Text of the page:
Published September 30, 2019
5 Tools to Maximize the Effectiveness of Your PDSA Cycles
Plan-Do-Study-Act (PDSA) is a quality improvement method that healthcare teams use to quickly and efficiently test new interventions. This concept involves structured, iterative tests of change. The simplicity of this experimental learning method means that it can be applied to many different situations.
While PDSA is easy to follow, it is not meant to be a “one and done” process. In fact oversimplifying the application of PDSA can end up with no effective change or learning at all. A successful PDSA process involves multiple cycles, with adjustments being made along the way. The goal is to increase the chances of delivering and sustaining desired improvement. Unlike controlled trials, PDSAs are action-oriented, enabling new learning to be incorporated into the process.
Review of the PDSA steps:
- Plan: Plan the test and determine how to collect data. This step should include stating the objective, setting goals and metrics, making outcome predictions, and answering the “who, what, when and where” of the change.
- Do: Execute the plan and document any issues and unexpected observations.
- Study: Analyze the data, study the results, compare outcomes to your predictions, and summarize learning.
- Act: Determine what modifications should be made and what aspects should be adopted moving forward. Prepare plan for the next cycle.
Tools to Help Your Team Get the Most from PDSA
A key strategy for using the PDSA approach effectively is to first clearly define “why” the change is needed and “what” you are trying to accomplish. Then, develop small tests of incremental change so that each PDSA cycle is meaningful and manageable. Here are five tools that can be incorporated into each step of a PDSA cycle to maximize its effectiveness:
- Use a PDSA cycle template to serve as an overall roadmap for the team and to track progress throughout the test.
- Develop SMART objectives during the Plan phase to help your team stay focused and ensure goals are meaningful. The acronym stands for Specific, Measurable, Achievable, Realistic, and Time-specific. This tool will establish the metrics to be tracked and will help define outcomes.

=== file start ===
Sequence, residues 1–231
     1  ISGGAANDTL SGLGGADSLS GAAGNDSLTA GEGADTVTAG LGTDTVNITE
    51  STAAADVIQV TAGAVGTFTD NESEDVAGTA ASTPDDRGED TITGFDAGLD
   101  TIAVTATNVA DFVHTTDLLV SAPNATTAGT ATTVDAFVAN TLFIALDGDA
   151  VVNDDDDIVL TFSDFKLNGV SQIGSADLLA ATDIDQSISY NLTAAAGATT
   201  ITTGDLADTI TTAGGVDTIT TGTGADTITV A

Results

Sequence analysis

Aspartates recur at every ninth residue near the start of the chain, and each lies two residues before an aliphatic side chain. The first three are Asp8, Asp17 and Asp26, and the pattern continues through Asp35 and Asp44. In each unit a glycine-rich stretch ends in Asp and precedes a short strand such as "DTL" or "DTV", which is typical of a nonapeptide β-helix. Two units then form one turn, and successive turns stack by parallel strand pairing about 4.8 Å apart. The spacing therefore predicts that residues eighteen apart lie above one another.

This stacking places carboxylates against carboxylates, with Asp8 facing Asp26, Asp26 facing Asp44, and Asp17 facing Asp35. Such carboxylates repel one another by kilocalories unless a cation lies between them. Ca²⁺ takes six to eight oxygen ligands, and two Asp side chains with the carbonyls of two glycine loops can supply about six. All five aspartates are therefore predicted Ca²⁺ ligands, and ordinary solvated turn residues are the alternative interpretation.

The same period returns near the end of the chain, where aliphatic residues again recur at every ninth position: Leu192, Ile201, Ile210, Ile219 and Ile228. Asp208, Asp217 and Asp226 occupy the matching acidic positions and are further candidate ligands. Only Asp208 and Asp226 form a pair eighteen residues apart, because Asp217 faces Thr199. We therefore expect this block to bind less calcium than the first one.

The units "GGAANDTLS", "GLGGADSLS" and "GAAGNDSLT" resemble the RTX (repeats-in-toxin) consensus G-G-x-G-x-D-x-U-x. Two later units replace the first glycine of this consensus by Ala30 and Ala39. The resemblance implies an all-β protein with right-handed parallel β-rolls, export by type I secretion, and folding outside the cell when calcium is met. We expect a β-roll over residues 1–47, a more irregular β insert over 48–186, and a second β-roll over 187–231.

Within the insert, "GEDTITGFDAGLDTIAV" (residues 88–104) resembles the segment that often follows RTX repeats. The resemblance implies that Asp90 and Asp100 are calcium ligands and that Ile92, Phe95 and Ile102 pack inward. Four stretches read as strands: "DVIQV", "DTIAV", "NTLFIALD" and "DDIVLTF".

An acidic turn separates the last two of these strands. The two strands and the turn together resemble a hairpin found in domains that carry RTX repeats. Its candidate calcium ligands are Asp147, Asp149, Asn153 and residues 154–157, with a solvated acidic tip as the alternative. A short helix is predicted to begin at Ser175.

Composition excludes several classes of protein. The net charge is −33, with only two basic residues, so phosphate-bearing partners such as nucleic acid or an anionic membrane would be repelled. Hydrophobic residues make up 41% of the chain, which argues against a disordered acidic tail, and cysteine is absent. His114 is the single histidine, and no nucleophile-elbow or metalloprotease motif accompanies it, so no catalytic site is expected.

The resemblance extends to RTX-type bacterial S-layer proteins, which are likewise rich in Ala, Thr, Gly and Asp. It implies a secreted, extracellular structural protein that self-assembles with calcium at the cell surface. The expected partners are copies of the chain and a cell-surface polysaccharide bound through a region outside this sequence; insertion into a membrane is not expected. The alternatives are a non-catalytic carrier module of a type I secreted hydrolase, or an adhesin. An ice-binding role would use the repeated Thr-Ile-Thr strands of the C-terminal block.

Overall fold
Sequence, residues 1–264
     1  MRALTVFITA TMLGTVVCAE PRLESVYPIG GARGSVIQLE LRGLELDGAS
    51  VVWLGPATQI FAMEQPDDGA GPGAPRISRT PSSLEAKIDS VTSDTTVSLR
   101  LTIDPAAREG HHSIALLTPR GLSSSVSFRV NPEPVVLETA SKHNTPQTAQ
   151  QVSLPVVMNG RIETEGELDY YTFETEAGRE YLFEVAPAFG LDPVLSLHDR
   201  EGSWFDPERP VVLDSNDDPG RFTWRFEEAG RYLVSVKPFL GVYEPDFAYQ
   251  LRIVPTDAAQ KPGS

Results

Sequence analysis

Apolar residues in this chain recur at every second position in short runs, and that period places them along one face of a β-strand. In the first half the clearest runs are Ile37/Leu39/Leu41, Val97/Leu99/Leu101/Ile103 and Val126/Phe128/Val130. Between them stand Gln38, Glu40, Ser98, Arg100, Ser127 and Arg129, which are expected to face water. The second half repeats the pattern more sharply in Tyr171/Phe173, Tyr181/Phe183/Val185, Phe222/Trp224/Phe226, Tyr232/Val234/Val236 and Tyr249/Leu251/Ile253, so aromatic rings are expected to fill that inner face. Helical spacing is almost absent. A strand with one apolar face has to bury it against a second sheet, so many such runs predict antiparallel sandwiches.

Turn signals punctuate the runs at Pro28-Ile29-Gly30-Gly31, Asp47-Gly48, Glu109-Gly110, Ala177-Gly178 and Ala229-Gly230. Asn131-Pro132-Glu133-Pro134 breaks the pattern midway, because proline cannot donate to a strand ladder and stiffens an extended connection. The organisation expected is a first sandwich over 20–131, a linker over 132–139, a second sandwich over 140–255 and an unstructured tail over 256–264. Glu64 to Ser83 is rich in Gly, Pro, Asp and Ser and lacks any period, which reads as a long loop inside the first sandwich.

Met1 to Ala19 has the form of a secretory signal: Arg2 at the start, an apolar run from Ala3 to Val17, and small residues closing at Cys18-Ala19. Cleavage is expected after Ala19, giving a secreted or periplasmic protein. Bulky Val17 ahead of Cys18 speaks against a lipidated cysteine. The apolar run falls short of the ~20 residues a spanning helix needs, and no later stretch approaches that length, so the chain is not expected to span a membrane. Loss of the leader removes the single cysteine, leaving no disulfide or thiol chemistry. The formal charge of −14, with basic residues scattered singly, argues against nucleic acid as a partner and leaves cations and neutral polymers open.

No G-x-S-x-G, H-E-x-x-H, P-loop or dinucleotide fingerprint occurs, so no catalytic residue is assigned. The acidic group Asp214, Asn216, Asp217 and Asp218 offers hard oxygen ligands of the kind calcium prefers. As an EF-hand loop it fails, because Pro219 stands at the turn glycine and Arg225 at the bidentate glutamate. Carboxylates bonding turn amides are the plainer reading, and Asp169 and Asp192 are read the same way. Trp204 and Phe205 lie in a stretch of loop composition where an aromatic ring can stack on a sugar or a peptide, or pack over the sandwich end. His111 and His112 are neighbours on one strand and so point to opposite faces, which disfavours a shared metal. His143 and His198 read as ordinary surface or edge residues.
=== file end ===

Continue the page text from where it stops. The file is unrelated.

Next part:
- Follow the SBAR technique for communicating during the Do phase. This method of sharing the situation, background, assessment (or metrics) and recommendation (planned change) can be very valuable for organizing ideas and thoughts, promoting educational awareness, and ensuring appropriate buy-in and follow-through of the change.
- Display data in a run chart or control chart in the Study phase. Displaying collected data in an easy-to-decipher visual form that can be shared with the team will facilitate the determination of whether or not changes are effective and which ones are having the most impact.
- Create a Data Wall or Dashboard to use as a basis for the Act stage. Providing stakeholders with an overview of what progress is being made with the initiative will promote transparency, accountability, ownership, and positive reinforcement.
While the PDSA method offers a straightforward approach to testing proposed interventions, it’s important to remember that it is not a shortcut to initiating change. With the right planning and tools, your team can use PDSA cycles to find opportunities to improve existing processes, facilitate implementation of changes, and create sustainable improvement.
Implementing a new advance care planning initiative or interested in improving the advanced care planning process at your organization? ACP Decisions can help. Contact us today to learn more!